Seagate Demonstrates 1 terabit per square inch hard drive

Seagate has become the first hard drive maker to achieve the milestone storage density of 1 terabit (1 trillion bits) per square inch, producing a demonstration of the technology that promises to double the storage capacity of today’s hard drives upon its introduction later this decade and give rise to 3.5-inch hard drives with an extraordinary capacity of up to 60 terabytes over the 10 years that follow.

Seagate reached the landmark data density with heat-assisted magnetic recording (HAMR), the next- generation recording technology. The current hard drive technology, Perpendicular Magnetic Recording (PMR), is used to record the spectrum of digitized data – from music, photos, and video stored on home desktop and laptop PCs to business information housed in sprawling data centers – on the spinning platters inside every hard drive. PMR technology was introduced in 2006 to replace longitudinal recording, a method in place since the advent of hard drives for computer storage in 1956, and is expected to reach its capacity limit near 1 terabit per square inch in the next few years.

The maximum capacity of today’s 3.5-inch hard drives is 3 terabytes (TB), at about 620 gigabits per square inch, while 2.5-inch drives top out at 750 gigabytes (GB), or roughly 500 gigabits per square inch. The first generation of HAMR drives, at just over 1 terabit per square inch, will likely more than double these capacities – to 6TB for 3.5-inch drives and 2TB for 2.5-inch models. The technology offers a scale of capacity growth never before possible, with a theoretical areal density limit ranging from 5 to 10 terabits per square inch – 30TB to 60TB for 3.5-inch drives and 10TB to 20TB for 2.5-inch drives.

A Seagate document about solid state hybrid drives mentions 2014 to 2015 for HAMR drives.

Capacity has been growing at a steady clip, but even that is threatened by the areal density limitations of perpendicular magnetic recording (PMR). It won’t pick up again until heat-assisted magnetic recording (HAMR) becomes feasible in the 2014 to 2015 timeframe.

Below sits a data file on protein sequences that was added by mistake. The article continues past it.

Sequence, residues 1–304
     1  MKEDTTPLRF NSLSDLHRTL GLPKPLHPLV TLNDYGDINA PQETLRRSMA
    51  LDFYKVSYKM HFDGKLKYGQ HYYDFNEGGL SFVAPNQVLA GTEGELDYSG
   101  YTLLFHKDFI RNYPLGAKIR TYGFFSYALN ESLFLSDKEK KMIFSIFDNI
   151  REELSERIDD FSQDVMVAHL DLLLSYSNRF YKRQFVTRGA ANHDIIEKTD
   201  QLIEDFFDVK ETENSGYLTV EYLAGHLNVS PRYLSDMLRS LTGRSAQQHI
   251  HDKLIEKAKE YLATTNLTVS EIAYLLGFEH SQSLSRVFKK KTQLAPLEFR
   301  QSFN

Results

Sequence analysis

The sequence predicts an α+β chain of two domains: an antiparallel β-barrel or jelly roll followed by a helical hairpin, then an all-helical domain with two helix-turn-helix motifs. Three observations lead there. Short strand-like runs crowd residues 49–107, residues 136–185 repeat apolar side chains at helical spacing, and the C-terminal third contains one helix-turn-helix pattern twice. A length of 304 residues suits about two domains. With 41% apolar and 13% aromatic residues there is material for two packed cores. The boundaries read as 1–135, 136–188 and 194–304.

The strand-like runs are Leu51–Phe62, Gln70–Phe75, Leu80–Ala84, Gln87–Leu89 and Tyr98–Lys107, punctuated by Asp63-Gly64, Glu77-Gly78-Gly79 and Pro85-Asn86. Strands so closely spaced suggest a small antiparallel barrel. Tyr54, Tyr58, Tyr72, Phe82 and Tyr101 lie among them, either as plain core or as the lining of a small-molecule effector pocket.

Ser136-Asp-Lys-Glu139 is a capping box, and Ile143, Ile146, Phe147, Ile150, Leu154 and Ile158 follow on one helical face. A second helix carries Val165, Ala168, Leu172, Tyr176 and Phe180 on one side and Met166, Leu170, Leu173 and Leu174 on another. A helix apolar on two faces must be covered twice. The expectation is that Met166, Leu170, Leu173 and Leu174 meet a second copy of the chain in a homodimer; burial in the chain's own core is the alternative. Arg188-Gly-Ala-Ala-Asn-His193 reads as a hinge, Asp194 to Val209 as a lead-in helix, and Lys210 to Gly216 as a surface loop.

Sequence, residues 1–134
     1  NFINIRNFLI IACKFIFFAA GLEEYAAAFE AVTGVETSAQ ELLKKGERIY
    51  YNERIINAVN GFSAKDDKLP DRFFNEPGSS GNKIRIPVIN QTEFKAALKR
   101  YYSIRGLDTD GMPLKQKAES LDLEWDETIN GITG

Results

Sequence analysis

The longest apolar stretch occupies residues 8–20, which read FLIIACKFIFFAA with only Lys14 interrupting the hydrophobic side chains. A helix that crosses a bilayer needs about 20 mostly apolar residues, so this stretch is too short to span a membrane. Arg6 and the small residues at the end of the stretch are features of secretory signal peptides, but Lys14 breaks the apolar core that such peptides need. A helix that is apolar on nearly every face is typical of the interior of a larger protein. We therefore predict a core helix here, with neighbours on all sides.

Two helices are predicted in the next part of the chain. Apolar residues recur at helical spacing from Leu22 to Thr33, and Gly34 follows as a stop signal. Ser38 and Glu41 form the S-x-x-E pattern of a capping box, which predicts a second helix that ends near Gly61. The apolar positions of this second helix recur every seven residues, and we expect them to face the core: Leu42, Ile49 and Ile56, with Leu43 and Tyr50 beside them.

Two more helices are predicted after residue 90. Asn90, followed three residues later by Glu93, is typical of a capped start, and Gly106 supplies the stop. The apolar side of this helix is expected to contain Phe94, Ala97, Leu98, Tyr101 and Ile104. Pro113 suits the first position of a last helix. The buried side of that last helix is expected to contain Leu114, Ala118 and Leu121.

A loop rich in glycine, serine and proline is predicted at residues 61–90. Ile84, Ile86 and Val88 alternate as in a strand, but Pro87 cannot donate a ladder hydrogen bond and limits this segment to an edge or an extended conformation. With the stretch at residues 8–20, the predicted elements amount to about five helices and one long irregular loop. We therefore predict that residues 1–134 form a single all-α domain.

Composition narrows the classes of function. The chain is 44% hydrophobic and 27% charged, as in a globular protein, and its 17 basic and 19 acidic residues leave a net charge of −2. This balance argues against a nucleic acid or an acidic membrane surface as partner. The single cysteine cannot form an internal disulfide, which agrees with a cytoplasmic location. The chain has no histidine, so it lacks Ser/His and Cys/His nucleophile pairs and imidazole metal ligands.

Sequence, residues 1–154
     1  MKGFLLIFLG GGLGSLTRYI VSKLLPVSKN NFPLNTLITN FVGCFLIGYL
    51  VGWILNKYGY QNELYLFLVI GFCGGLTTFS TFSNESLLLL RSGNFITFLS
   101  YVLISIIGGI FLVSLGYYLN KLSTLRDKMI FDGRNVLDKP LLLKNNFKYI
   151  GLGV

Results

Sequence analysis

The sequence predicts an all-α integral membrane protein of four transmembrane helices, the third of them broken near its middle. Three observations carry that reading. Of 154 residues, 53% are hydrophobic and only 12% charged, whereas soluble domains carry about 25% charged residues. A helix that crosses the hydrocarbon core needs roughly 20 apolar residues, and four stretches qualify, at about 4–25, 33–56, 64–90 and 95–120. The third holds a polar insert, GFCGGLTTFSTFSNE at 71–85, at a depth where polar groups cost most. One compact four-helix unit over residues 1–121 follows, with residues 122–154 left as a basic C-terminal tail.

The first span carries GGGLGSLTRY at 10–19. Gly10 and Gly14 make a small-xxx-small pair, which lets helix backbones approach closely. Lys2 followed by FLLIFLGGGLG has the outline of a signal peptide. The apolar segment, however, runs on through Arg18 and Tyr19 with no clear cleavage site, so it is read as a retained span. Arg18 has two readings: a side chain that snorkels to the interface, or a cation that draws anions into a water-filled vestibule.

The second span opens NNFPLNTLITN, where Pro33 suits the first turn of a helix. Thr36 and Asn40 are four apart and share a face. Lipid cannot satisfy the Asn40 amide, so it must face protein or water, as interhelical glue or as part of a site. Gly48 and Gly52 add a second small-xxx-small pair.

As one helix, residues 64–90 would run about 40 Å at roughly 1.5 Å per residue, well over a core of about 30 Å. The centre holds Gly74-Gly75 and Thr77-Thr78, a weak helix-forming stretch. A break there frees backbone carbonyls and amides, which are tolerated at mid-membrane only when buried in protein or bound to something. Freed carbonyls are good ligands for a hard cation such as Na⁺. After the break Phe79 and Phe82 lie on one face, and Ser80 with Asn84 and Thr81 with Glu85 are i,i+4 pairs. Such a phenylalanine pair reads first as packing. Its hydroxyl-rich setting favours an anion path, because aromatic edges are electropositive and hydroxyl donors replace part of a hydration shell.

Interfaces will continue to evolve, with 6Gb/s SAS and SATA 6Gb/s being the latest iterations. Plans exist to move to 12Gb/s SAS in the next year, but SATA is expected to stall at the 6Gb/s speeds available today.

Three years later, in May of 2010, Seagate introduced a new hybrid—the Momentus® XT drive—and coined the term solid state hybrid drive. This time the focus was on delivering the necessities of capacity, performance and price with zero disruption to the user experience. The result? Seagate Adaptive Memory™ technology allows users to experience real world system performance gains of up to 50% without third-party software or operating system dependencies. It was a hit. By August 2011, Seagate had shipped over one million Momentus XT solid state hybrid drives.

Unlike competitive technologies (such as SSD, PCIe, flash cache modules or software like Intel’s Smart Response Technology), which require differing levels of integration experience and expense for consumers and businesses alike, SSHDs look and act like traditional hard drives. There are no compatibility dynamics with operating systems, applications, or network and storage management programs. There are no physical obstacles associated with system architecture, design or expansion capability.

IBM researchers show that areal density improvements are expected to maintain a CAGR of 25% to 40% over the next few years, while the maximum sustained transfer rates of drives have begun to level off.

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